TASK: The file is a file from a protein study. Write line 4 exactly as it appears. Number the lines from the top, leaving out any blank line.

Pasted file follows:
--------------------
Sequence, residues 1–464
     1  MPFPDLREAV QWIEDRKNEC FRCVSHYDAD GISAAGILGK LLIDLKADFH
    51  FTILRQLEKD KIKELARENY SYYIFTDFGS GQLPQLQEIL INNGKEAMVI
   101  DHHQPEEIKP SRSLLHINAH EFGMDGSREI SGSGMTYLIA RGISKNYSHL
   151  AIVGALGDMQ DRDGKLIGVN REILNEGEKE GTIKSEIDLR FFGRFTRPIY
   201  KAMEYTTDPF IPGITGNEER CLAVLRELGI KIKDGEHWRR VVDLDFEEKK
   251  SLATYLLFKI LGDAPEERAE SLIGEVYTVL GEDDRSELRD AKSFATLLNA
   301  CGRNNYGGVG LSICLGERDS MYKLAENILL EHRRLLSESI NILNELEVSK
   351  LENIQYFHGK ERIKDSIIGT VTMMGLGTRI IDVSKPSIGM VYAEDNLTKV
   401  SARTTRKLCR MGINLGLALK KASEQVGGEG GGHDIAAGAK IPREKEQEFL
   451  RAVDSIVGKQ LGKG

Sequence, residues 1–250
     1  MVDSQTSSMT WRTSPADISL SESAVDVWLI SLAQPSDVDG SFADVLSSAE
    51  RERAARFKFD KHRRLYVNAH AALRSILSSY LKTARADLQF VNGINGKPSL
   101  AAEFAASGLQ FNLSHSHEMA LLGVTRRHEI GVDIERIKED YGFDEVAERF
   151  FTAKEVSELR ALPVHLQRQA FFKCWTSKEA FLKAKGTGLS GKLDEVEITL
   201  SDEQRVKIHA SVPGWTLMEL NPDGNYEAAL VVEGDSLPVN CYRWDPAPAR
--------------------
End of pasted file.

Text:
   101  DHHQPEEIKP SRSLLHINAH EFGMDGSREI SGSGMTYLIA RGISKNYSHL